Heavy shelling and civilian casualties dash hopes for Karabakh ceasefire
Hopes that a Russian-brokered ceasefire between Armenia and Azerbaijan might hold were further dashed Sunday, with both sides accusing the other of intense shelling on civilian areas and escalating two weeks of fierce clashes.
Azerbaijan’s foreign ministry said that overnight shelling by Armenian forces on the country’s second largest city, Ganja, had left seven people dead and 33 wounded including children, less than 24 hours after the halt to fighting was supposed to take effect.
Rescuers in red helmets dug through piles of debris with their bare hands in search of signs of survivors, an AFP journalist in the city reported.
They retrieved one nearly naked body and gingerly put it in a white bag to be taken away in an ambulance while several horrified residents watched on and wept.
One witness said they were woken by a huge blast that levelled an entire square block of one- and two-floor houses in the early hours of the morning, leaving nine apartments destroyed.
“Everything I’ve worked for my entire life has been destroyed,” said resident Zagit Aliyev, 68.
The agreement to pause hostilities in order to exchange prisoners and the bodies of people killed after two weeks of fighting over the disputed Nagorno-Karabakh region was approved by Armenian and Azerbaijani foreign ministers in marathon Russia-brokered talks in Moscow.
- ‘An absolute lie’ -
The truce officially entered into force at noon on Saturday but both sides almost immediately accused each other of violations.
On Sunday, the defence ministry in the breakaway region insisted Armenian forces were respecting the humanitarian ceasefire and in turn accused Azerbaijan of shelling civilian-populated areas.
Claims that Armenian forces were responsible for shelling Ganja were “an absolute lie,” it added.
The leader of the disputed Nagorno-Karabakh region, Arayik Harutyunyan, described the situation as “calmer” on Sunday, but warned that the truce was precarious.
An AFP journalist in the administrative capital of Stepanakert, which has been subjected to heavy bombings since the fighting erupted and is pockmarked with deep craters and unexploded ordnance, reported hearing loud explosions throughout the night.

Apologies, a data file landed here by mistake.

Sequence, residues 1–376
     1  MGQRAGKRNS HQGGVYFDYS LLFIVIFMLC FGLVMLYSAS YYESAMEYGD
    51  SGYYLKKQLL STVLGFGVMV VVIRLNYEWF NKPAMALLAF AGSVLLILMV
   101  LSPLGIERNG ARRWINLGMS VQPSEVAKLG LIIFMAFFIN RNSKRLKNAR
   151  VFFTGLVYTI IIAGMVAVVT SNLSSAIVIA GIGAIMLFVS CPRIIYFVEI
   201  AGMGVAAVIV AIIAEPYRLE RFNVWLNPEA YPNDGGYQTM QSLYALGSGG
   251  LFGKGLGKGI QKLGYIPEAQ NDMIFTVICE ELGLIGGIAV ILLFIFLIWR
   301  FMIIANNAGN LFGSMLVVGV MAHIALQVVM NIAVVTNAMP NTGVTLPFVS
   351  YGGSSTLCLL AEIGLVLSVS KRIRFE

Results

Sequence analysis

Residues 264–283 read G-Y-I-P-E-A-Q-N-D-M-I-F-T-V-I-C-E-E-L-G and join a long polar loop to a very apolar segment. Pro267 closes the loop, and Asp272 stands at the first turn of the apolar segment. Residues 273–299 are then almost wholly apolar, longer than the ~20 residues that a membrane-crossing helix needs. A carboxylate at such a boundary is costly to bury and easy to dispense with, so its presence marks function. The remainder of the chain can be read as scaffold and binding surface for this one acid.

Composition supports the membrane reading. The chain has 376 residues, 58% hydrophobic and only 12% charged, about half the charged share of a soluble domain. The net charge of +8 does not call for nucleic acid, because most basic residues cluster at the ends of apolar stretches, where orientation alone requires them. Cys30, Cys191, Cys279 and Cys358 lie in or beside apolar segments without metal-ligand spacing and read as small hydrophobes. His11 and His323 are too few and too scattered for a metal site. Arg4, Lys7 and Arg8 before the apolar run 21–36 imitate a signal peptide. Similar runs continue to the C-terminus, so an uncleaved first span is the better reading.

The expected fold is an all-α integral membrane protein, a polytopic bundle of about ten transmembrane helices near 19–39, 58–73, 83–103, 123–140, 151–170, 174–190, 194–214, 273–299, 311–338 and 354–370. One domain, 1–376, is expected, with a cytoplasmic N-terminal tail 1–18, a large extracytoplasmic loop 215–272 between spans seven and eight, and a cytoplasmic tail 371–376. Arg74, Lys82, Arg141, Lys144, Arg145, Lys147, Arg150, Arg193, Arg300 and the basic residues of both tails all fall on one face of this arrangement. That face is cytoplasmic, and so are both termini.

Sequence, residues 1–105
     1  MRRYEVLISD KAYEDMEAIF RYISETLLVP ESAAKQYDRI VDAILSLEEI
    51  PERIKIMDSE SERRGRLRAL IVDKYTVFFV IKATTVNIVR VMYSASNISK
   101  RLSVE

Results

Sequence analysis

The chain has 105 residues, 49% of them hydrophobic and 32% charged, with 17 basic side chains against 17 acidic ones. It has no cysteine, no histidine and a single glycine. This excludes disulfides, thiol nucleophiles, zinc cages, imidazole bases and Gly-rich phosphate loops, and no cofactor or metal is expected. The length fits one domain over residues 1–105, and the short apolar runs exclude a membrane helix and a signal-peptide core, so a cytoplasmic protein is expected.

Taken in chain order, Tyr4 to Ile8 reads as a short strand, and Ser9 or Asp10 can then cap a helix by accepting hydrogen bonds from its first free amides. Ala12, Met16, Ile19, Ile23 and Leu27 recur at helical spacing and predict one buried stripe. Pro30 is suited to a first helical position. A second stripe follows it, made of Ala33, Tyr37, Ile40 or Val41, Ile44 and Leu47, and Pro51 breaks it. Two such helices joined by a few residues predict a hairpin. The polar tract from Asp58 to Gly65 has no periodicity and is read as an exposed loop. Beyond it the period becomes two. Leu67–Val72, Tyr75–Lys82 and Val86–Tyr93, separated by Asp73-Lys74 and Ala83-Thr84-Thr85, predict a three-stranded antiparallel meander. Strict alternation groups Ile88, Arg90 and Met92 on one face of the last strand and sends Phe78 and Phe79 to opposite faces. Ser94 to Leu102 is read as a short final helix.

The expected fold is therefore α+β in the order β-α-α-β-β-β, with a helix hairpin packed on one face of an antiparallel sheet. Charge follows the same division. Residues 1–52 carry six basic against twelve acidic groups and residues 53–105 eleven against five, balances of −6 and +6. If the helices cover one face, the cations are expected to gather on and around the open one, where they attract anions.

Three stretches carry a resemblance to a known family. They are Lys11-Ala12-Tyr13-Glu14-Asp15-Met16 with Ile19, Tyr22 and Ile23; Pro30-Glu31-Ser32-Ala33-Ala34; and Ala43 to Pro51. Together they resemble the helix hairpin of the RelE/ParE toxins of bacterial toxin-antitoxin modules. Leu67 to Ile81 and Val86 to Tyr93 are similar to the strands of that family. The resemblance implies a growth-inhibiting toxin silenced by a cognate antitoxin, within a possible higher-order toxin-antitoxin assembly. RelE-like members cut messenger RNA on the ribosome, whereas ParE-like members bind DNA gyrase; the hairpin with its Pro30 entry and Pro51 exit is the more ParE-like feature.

Vahram Poghosyan, a spokesman for Karabakh’s leader, said the overnight shelling on Stepanakert was “a disrespect of the agreements reached in Moscow,” and called on the international community to recognise the province’s independence as a way to end the fighting.
New fighting broke out late last month, stemming from a long-simmering disagreement between Armenia and Azerbaijan over Karabakh.
The disputed territory is an ethnic Armenian enclave in Azerbaijan, home to about 150,000 people, which broke from Azerbaijan’s control in a war in the 1990s that killed some 30,000 people.
Its separatist government is strongly backed by Armenia, which like Azerbaijan gained independence with the 1991 collapse of the Soviet Union.
- A ‘temporary’ ceasefire -
The most recent bout of fighting has been the heaviest since the 1990s war, with more than 450 people reported dead, thousands forced to flee their homes and fears the fighting could escalate into a devastating all-out conflict.
The return of fighting has stoked fears of a full-blown war embroiling Turkey, which strongly backs Azerbaijan, and Russia, which has a military treaty with Armenia.
Armenia and world leaders including Russian leader Vladimir Putin and French President Emmanuel Macron have denounced the deployment of pro-Turkish fighters from Syria and Libya to bolster Azerbaijan’s army.
France, Russia and the US -- known as the “Minsk Group” -- have for decades sought a lasting solution to the Karabakh conflict, but have failed to stop sporadic outbreaks of fighting, and Baku with Turkey’s backing appears set on continuing with its military intervention.
A senior Azerbaijani official said Saturday the truce was only meant to be “temporary,” and said Baku had “no intention to backtrack” on its effort to retake control of Karabakh.